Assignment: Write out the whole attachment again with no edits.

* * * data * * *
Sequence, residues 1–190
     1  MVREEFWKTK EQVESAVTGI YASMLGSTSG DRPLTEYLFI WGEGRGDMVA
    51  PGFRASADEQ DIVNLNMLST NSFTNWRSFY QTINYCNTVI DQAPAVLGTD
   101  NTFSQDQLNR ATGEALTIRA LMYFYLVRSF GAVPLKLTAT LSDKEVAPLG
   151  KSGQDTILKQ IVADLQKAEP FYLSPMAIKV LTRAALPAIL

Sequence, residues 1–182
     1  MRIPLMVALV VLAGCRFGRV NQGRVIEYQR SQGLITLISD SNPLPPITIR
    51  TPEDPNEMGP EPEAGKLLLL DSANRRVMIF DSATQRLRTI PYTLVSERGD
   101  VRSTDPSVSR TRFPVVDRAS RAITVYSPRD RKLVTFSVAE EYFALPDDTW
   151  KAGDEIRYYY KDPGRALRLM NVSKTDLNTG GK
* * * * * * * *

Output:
Sequence, residues 1–190
     1  MVREEFWKTK EQVESAVTGI YASMLGSTSG DRPLTEYLFI WGEGRGDMVA
    51  PGFRASADEQ DIVNLNMLST NSFTNWRSFY QTINYCNTVI DQAPAVLGTD
   101  NTFSQDQLNR ATGEALTIRA LMYFYLVRSF GAVPLKLTAT LSDKEVAPLG
   151  KSGQDTILKQ IVADLQKAEP FYLSPMAIKV LTRAALPAIL

Sequence, residues 1–182
     1  MRIPLMVALV VLAGCRFGRV NQGRVIEYQR SQGLITLISD SNPLPPITIR
    51  TPEDPNEMGP EPEAGKLLLL DSANRRVMIF DSATQRLRTI PYTLVSERGD
   101  VRSTDPSVSR TRFPVVDRAS RAITVYSPRD RKLVTFSVAE EYFALPDDTW
   151  KAGDEIRYYY KDPGRALRLM NVSKTDLNTG GK